The Dawn probe, which has been orbiting the dwarf planet Ceres, won’t be visiting another object in the asteroid belt, as the engineering team had hoped. Instead, the spacecraft will remain at Ceres, where it has been stationed for the past year.
The engineering team hoped to send their probe to another asteroid
The Dawn spacecraft completed its primary mission at Ceres yesterday, but the engineering team hoped to send their probe to another asteroid called Adeona. The mission team had even come up with ways to conserve the spacecraft’s hydrazine fuel to pull off the flyby, according to Space News. If the mission had been approved, the spacecraft would have started spiraling out from Ceres this month. After leaving the dwarf planet, Dawn would have orbited the Sun for a few years and then would have visited Adeona in May 2019.
But NASA officials decided Dawn would be better served at Ceres instead. "The long-term monitoring of Ceres, particularly as it gets closer to perihelion – the part of its orbit with the shortest distance to the Sun -- has the potential to provide more significant science discoveries than a flyby of Adeona," Jim Green, NASA’s Director of Planetary Science, said in a statement. The decision to remain at Ceres was made by NASA’s 2016 Planetary Mission Senior Review Panel.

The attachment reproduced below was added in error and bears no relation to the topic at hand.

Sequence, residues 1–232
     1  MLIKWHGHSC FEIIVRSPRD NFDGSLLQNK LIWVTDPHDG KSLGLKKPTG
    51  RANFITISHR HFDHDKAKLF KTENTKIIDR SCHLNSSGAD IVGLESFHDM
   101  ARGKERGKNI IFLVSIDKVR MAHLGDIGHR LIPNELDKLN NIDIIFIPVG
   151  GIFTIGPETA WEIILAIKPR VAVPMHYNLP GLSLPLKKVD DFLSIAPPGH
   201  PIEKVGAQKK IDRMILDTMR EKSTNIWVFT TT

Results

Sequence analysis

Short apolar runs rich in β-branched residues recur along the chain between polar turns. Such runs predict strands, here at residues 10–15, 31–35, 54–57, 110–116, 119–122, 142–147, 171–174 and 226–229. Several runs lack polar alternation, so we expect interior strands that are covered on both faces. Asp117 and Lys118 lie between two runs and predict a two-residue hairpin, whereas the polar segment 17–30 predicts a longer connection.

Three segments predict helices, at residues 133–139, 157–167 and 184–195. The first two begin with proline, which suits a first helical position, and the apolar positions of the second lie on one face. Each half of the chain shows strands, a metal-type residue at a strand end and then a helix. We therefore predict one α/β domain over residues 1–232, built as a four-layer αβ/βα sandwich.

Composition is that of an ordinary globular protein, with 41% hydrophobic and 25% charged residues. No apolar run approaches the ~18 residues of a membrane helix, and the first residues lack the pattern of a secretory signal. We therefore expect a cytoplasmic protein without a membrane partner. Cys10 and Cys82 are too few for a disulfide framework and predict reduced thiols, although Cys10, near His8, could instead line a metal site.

There was some confusion over the Adeona mission
Before this announcement, there was some confusion over whether NASA had actually approved the Adeona mission. An update was posted to the Dawn website last night, confirming that Dawn would be visiting Adeona in 2019. That post was taken down only minutes later; NASA admitted its posting was a mistake, according to Wired. Then today, the space agency announced that Dawn wouldn’t be leaving Ceres, while announcing the extensions for New Horizons and seven other missions.
The Dawn spacecraft launched in 2007 on a Delta II rocket and became the first vehicle to visit and orbit the asteroid Vesta in 2011. After a year in orbit, Dawn left the space rock and journeyed to Ceres, the largest known object in the asteroid belt. The spacecraft entered Ceres’ orbit on March 2015 and over time has spiraled downward closer to the dwarf planet. Starting in October 2015, Dawn spent two months spiraling down to its lowest and final orbit, where it has remained ever since.